California Military Department’s $135M HQ Breaks Ground

Walsh Construction Co. II and Stantec have teamed up to build the 285,000-square-foot, zero-net energy campus in Rancho Cordova, near Sacramento.
California Military Department
Rendering of California Military Department’s Consolidated Headquarters Complex in Rancho Cordova, Calif.

A ceremonial groundbreaking was held for the California Military Department’s new $135 million Consolidated Headquarters Complex (CHQC) in Rancho Cordova, near Sacramento, Calif.

The 285,000-square-foot, multi-building campus will be home to all four of the CMD’s “four pillars”: the California Army National Guard, California Air National Guard, California State Military Reserve and California Youth and Community Programs.

(The California State Military Reserve has a headcount of nearly 1,300, according to a CMD spokesperson. About 20 states have such state guard or militia forces, which, unlike National Guard units, are wholly state controlled and cannot be federalized).

Rendering of California Military Department’s CHQC in Rancho Cordova, Calif.
Rendering of California Military Department’s CHQC in Rancho Cordova, Calif.

The design-build team of Walsh Construction Co. II and Stantec will develop the new CHQC, which is scheduled to open in 2020.

The complex will sit on a 31-acre site adjacent to Sacramento Mather Airport and will host a headquarters office building, a warehouse, an emergency operations center, a utilities building, a badging center and an access control point.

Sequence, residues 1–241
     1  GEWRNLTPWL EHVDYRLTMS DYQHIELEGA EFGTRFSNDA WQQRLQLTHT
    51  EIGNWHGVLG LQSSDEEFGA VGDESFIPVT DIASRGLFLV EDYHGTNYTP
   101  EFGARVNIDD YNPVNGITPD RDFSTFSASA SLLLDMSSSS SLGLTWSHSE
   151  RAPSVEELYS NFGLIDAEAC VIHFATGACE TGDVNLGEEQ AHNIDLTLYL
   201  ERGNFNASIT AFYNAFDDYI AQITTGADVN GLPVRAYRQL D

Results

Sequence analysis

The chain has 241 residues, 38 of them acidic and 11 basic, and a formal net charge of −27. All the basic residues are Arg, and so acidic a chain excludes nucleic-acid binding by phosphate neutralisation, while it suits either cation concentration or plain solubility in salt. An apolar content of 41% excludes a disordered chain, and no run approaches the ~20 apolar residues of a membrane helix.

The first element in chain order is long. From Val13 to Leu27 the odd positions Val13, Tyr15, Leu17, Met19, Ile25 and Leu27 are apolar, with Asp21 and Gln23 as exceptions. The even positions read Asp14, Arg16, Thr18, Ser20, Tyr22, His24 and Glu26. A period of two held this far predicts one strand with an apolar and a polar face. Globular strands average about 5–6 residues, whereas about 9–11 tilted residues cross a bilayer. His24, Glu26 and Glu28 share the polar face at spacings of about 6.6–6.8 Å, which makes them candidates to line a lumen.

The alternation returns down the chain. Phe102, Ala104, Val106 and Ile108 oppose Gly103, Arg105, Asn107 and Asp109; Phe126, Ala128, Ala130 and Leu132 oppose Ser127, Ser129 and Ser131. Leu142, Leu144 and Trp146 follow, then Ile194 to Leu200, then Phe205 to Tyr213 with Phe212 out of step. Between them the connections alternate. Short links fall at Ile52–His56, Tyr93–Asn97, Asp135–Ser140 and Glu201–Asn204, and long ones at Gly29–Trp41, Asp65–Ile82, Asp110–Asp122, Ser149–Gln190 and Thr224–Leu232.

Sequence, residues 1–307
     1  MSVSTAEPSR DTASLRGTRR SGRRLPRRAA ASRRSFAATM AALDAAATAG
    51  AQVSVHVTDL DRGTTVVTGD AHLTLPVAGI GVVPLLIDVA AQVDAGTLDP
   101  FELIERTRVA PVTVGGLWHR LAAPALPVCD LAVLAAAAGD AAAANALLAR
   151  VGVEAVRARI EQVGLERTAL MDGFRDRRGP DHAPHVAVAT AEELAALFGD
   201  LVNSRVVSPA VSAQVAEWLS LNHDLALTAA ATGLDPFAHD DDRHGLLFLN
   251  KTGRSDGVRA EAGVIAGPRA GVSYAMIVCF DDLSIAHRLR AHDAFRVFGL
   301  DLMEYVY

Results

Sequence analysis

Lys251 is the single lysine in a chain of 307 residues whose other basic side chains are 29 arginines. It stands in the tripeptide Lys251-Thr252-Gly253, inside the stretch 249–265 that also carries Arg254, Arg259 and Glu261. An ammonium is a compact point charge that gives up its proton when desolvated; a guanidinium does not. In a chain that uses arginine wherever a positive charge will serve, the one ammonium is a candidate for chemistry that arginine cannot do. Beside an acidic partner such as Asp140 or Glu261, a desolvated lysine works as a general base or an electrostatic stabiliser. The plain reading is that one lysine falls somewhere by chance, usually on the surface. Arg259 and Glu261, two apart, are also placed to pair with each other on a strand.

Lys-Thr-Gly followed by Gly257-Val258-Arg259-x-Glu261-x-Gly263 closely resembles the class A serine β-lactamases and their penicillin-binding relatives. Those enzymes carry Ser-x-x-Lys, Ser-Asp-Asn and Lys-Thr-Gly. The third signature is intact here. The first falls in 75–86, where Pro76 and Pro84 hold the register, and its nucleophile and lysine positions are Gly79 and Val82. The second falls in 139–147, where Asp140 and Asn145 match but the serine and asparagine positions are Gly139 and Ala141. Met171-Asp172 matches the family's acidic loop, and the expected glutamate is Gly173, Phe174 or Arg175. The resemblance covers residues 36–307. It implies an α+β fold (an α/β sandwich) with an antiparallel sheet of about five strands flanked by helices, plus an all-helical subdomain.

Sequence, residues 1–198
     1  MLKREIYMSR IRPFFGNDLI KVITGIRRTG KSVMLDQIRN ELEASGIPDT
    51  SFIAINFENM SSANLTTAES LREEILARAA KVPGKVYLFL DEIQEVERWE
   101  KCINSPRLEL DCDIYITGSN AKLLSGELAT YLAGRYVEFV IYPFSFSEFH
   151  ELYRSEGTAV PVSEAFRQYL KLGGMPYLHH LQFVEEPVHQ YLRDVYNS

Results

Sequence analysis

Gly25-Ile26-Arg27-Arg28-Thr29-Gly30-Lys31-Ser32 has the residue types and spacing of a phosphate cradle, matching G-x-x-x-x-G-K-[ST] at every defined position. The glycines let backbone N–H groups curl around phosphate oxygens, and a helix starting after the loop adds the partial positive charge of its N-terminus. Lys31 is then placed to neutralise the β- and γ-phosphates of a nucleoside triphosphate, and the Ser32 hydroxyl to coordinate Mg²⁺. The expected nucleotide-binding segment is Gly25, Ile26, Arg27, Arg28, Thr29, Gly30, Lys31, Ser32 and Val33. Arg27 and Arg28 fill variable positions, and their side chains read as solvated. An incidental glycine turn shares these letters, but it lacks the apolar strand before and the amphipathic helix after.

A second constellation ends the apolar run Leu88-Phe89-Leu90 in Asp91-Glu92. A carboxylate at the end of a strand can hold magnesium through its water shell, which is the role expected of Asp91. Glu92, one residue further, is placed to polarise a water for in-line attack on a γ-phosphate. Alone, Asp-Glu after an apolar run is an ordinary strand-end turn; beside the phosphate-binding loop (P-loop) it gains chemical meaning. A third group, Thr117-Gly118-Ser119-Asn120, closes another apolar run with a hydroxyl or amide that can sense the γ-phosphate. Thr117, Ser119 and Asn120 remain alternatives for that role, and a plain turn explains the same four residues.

Security, understandably, will be significant. The compound will be secured by fences and designed to comply with federal Anti-Terrorism Force Protection guidelines, a Stantec spokesperson told CPE.

Personnel at the access control point building will screen visitors and vehicles. Secure identification will be required to enter the complex, after which individuals will proceed through pedestrian or vehicular gates.

The project is targeting LEED Gold certification and will include on-site renewable energy generated by a photovoltaic array that will also serve as shade for parking structures.

The design of each of the facades is specific to the building orientation and aids with the daylight harvesting….” William Ketcham, a Stantec principal, said in a prepared statement.

The CHQC is one of the first large new zero-net energy (ZNE) projects to be undertaken by the State of California after the issuance of Gov. Jerry Brown’s Executive Order B-18-12 to reduce greenhouse gas emissions and improve energy efficiency in the state.

Zeroing in on zero energy

By 2025, the global market for zero-net energy buildings is predicted to reach about $78.8 billion, according to a November 2017 report by Grand View Research Inc.

Both advances in technology and organizations’ interest in sustainability and carbon emission reductions are driving this growth, the report stated, adding that the Golden State is a leader in ZNE buildings.

One sizable example is a new headquarters in Sacramento for, fittingly, the California Department of Natural Resources. The $520 million, 20-story, 838,000-square-foot building aims to meet LEED Platinum and ZNE standards and will feature radiant floor heating and reclaimed-water systems.

Image courtesy of California Military Department